We got a break from the heat and humidity over the weekend…in fact, Sunday was the nicest day overall that we’ve seen in quite a while! But now we’re settling into an unsettled weather pattern that will carry us all the way through the upcoming holiday weekend.
The reason for the unsettled pattern is the orientation of the jet stream — the river of air several miles above our heads that acts as the main storm track for North America. Those upper-level winds will be blowing from northwest to southeast throughout the week, which allows multiple disturbances to ride along the jet stream and drop down through the eastern half of the country:
This jet stream orientation does keep the hottest weather locked down to our south and southwest, but it doesn’t allow the really cool and comfortable air to make it down toward us either. The humidity won’t be as dreadful as it was last week, but it will still be sufficient to fuel scattered storms each day.
Some showers scooted through the Midstate this morning, but partial clearing will allow temperatures to make it up to the mid 80s…southwesterly winds will also help boost our temperatures a couple degrees higher than they were on Sunday. As the atmosphere warms up, it becomes more unstable, and scattered thunderstorms will re-develop this afternoon. Unfortunately, this is the type of weather pattern that makes it nearly impossible to determine exactly when and exactly where the storm will develop, so be flexible with any outdoor plans. Futurecast tries to give us an idea of where the best rain chances will develop, and shows the hit-and-miss pattern we expect:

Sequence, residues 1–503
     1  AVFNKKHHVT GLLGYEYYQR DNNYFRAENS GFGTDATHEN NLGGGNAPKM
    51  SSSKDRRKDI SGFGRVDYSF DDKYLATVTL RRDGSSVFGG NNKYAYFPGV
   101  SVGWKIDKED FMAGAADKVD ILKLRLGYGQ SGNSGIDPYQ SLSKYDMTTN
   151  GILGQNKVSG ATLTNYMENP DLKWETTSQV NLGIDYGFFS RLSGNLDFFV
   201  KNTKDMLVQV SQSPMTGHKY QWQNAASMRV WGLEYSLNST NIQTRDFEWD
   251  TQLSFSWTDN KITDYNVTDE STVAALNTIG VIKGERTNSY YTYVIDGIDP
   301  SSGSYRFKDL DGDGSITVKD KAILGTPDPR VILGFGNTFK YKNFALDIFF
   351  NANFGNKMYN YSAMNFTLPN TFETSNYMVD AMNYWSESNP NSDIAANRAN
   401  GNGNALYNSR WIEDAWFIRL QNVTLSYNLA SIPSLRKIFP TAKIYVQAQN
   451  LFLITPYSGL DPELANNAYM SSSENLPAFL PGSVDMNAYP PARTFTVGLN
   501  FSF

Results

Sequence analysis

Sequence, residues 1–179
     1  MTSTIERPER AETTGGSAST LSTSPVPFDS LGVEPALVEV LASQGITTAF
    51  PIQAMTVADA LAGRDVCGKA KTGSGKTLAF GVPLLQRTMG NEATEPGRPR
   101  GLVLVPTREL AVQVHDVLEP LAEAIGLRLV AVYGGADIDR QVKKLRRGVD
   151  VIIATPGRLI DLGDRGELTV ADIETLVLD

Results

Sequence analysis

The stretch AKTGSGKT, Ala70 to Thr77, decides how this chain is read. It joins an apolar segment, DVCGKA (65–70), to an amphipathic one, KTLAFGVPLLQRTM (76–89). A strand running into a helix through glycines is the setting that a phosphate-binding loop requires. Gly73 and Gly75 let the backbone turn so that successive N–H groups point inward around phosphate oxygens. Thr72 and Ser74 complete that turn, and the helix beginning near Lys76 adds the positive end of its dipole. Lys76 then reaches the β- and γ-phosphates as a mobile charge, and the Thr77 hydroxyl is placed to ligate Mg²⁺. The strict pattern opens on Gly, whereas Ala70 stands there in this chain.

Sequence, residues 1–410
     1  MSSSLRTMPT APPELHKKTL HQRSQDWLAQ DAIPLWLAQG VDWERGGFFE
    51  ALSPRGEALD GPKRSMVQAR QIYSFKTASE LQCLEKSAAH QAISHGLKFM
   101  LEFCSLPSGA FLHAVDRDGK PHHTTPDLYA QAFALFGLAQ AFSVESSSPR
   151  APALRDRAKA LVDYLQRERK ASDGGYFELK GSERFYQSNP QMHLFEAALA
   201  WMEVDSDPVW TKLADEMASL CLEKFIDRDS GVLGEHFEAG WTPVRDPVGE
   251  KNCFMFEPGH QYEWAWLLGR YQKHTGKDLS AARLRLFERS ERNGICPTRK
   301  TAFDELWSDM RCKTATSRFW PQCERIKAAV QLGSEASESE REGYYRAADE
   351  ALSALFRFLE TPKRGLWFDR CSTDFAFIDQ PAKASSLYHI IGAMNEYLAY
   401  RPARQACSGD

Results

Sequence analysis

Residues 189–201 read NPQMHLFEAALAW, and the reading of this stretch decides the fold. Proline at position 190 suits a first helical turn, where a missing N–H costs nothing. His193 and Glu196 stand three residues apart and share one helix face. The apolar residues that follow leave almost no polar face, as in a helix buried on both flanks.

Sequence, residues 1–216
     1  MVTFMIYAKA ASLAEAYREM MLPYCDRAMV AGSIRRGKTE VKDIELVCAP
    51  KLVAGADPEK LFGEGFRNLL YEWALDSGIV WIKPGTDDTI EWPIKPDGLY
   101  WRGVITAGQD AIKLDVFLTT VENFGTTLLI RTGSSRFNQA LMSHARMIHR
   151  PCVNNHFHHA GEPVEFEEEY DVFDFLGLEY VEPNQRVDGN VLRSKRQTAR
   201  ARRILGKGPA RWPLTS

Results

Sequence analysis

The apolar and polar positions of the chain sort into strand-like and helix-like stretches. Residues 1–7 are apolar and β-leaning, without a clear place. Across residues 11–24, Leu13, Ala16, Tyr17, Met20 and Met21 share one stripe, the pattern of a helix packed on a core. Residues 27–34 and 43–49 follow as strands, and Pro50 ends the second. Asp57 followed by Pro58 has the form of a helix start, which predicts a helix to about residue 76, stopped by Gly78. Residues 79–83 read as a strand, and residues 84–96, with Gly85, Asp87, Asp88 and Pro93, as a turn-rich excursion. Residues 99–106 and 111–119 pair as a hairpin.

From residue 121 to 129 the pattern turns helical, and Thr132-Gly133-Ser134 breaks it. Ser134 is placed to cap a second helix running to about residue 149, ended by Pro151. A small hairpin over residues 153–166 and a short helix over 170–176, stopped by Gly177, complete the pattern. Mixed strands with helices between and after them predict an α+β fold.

A few storms could be strong, but our severe weather chances look pretty minimal overall. The Storm Prediction Center has included the northeast half of the Midstate in a “Marginal Risk” (level 1 of 5) for severe weather, with a “Slight Risk” (level 2 of 5) farther to our northeast:
Basically, that means that while severe thunderstorms aren’t likely, we can’t completely rule out a storm or two becoming strong enough to produce a brief straight-line wind threat. Our severe weather chances will mostly remain in the marginal category for most of the week, but a better chance of organized thunderstorms could move our way on Thursday:
Heading into the holiday weekend, the more reliable long-range computer models keep us in the unsettled pattern all three days of the Independence Day weekend. That doesn’t mean each day will be a washout — it just means scattered storms will develop in the afternoons and early evenings. Don’t cancel any outdoor plans, but again be thinking of indoor alternatives in case they’re necessary.
It’s way too early at this point to hazard a guess at a time-specific forecast for fireworks displays on the 4th of July…the storm chances will be highest in the daylight hours, but sometimes those storms can persist through the first half of the night. We’ll hope for the best, and we should be able to narrow things down a bit as the 4th gets closer.
Some good science-y stuff from over the weekend…
- The deadly heat wave in India and Pakistan wasn’t just a function of extreme temperatures…other factors were at work as well.
- The Sun has been cranky lately.
- Look to the west after sunset this week to see a couple of our planetary neighbors.
- What astronomy can teach us about America’s most famous kiss.
- SpaceX had a rough day yesterday.
- A huge black hole “woke up” recently…and promptly ate a star.
- A brief history of nukes in space. (Both good and bad.)
- Will artificial intelligence destroy us all, or solve all of our problems?
- Your brain is a computer. Sort of.